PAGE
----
to avoid long term capital gains tax

I had bought a plot (agricultural land) in Delhi in 2002 in my name for Rs 55,000 and decided to sell the same in 2011 for Rs 5 lakh (demand). In order to avoid LTCG taxes, I have two options: (i) to buy another plot of agricultural land in Delhi/Assam and (ii) to buy a builder's flat (co-owner with my wife) for Rs 25 lakh in Delhi. I would also apply for home loan of Rs 20 lakh from a public sector bank. Kindly tell me the implications of the two options with regard to LTCG taxes.

asked Aug 11 '11 at 13:06 by Sura 1112

Thank you very much. I have still an extended query: the residential flat that I am planning to buy would cost Rs 25 lakh and would be in joint ownership with my wife. Also I plan to apply/get home loan of Rs 20 lakh from a bank. Will this home loan thing affect the LTCG tax anyway? Sura
(Aug 16 '11 at 13:10) Sura
Home loan application won't affect the LTCG benefit. If you buy a property for more than 5 lacs (selling price of land), there won't be income tax payable as per section 54F.
(Aug 18 '11 at 22:44) Pankaj Batra

As agricultural land lies in Delhi, it should have been covered under a municipal area, so land will be considered as capital asset. Long term capital gain will arise as its being sold after three years.

Under section 54B, you can buy another agricultural land anywhere in India with cost more than capital gains arising (around 4 lacs, computed by indexation method) from old land sale.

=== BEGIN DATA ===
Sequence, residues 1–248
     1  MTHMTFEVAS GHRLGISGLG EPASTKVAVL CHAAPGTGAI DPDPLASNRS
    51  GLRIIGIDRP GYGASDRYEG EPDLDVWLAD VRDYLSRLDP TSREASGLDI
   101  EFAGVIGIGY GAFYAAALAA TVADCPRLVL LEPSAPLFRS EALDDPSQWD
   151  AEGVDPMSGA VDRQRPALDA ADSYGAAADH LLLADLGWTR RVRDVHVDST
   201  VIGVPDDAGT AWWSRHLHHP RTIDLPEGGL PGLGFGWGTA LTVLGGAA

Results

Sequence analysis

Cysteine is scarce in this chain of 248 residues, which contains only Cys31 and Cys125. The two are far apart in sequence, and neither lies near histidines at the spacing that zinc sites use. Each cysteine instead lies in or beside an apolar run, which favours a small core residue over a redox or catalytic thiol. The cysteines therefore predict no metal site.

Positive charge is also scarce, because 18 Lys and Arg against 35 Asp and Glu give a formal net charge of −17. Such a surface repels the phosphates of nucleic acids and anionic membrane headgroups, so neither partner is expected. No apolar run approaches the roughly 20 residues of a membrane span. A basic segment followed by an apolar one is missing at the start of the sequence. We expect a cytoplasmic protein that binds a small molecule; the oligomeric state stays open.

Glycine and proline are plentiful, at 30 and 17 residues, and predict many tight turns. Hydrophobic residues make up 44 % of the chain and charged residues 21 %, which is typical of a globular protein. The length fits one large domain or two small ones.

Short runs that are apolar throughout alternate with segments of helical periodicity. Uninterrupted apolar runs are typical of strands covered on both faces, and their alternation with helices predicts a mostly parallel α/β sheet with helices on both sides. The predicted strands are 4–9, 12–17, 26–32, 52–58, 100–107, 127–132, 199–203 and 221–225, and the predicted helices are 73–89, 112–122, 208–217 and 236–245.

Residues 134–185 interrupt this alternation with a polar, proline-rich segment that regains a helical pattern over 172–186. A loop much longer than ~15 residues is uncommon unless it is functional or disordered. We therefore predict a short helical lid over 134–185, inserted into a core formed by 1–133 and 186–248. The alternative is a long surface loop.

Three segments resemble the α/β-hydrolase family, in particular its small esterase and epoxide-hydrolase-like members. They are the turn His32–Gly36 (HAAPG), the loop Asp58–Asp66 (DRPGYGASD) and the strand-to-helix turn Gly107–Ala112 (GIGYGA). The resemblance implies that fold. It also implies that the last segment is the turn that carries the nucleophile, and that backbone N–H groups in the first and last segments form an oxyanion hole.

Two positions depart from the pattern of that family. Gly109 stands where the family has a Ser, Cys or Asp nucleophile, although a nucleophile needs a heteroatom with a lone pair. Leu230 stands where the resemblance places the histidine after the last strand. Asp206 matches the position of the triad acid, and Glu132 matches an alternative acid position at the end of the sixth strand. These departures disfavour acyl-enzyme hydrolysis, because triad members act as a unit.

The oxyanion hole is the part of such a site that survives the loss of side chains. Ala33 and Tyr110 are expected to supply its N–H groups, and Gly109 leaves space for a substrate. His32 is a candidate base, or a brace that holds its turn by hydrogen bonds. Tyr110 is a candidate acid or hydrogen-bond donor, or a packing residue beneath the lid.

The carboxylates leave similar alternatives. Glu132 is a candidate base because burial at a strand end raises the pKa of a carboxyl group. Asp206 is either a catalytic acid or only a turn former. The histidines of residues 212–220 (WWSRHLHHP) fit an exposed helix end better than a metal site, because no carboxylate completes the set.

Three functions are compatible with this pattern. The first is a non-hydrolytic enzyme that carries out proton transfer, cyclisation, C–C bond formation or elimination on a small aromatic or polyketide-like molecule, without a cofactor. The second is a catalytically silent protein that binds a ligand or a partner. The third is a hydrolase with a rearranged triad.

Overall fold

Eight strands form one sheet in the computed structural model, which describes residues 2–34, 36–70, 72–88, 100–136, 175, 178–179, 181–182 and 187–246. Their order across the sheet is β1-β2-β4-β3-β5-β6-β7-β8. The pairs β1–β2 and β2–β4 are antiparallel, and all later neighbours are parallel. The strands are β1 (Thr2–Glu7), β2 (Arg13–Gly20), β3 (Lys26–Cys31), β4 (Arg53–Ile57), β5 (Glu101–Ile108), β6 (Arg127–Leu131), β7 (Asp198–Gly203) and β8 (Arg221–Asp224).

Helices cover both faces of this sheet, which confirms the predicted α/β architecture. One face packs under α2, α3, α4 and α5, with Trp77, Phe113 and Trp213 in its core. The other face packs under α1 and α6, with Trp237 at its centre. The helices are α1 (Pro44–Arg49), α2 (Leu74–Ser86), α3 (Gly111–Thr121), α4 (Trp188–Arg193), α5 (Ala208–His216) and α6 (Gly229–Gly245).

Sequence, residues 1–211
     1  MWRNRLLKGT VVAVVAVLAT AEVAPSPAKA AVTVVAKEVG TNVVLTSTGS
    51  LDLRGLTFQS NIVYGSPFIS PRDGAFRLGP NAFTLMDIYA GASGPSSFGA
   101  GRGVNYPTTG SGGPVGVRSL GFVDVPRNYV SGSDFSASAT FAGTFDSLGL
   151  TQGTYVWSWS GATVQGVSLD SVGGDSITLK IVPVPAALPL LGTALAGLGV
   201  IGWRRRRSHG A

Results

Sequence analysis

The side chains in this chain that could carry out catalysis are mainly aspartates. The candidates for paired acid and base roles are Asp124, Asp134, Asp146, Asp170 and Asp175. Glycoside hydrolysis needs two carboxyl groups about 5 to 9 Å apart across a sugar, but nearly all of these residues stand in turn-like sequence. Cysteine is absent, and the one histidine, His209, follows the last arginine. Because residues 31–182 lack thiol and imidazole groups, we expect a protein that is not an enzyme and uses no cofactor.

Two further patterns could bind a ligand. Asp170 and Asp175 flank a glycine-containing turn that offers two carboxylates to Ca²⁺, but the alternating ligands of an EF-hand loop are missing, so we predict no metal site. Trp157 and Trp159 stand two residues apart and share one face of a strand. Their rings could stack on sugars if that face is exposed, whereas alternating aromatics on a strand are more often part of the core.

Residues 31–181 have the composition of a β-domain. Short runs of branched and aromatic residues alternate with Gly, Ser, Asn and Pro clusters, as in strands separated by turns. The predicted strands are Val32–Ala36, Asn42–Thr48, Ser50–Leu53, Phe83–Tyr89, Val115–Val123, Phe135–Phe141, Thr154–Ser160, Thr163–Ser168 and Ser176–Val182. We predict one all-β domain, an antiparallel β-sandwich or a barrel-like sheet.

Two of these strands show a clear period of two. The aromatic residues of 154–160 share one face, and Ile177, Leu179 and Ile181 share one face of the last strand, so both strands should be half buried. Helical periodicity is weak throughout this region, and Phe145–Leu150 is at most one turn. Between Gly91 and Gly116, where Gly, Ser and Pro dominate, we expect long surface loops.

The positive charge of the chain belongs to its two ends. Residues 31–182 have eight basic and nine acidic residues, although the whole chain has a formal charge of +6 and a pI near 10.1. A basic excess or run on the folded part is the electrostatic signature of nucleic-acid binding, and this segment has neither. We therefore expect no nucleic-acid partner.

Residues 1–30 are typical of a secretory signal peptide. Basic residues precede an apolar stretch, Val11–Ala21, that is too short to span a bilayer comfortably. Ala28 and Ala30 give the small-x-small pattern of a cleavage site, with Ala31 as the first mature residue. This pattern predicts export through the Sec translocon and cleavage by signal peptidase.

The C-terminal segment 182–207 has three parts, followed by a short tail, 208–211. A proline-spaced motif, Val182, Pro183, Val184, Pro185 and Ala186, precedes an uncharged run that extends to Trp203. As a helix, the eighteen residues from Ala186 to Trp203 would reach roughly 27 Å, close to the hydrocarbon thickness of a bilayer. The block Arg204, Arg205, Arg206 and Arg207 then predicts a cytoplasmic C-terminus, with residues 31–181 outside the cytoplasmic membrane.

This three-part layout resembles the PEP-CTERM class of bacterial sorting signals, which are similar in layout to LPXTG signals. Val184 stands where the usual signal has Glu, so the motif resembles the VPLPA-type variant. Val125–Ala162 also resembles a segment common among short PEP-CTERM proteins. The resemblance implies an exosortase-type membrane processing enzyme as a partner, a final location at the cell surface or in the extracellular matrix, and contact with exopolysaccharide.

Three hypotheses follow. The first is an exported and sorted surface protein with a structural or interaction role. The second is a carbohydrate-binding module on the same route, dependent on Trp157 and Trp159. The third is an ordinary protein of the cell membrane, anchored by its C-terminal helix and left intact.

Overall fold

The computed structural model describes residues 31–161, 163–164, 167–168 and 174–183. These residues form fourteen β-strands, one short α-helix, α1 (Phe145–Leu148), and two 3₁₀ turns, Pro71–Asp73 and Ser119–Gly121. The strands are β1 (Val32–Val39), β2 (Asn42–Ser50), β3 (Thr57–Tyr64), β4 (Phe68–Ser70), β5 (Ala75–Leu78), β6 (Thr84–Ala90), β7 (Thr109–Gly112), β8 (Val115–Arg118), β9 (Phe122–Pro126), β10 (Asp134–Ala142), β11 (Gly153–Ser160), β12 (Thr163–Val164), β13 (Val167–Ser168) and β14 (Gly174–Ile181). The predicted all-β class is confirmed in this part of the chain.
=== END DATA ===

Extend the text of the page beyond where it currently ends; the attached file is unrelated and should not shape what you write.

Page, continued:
Under section 54F, you may buy residential house property with cost more than sale consideration of old land (5 lacs). If you buy joint property, your share towards its cost should be more than 5 lacs.

In both the above cases, new sale has to be done within two years from land sale. If new property is not purchased by income tax return filing date, amount should be kept in capital gain account scheme.

Also, please follow below conditions for section 54F:

  1. Possession of new property must be taken within two years from sale of old property. Or new house can be constructed within three years of sale.
  2. You should not be owning more than one residential house(flat/house/apartment) at the time of buying new property.
  3. If total residential houses owned by you is two (including new property), you should not buy another one within next three years of purchase. Or in next three years, total owned residential houses should not be more than two.
  4. New property should not be sold before next three years.

answered Aug 12 '11 at 00:14 by Pankaj Batra 5.2k320


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Asked: Aug 11 '11 at 13:06

Seen: 2,232 times

Last updated: Aug 18 '11 at 22:44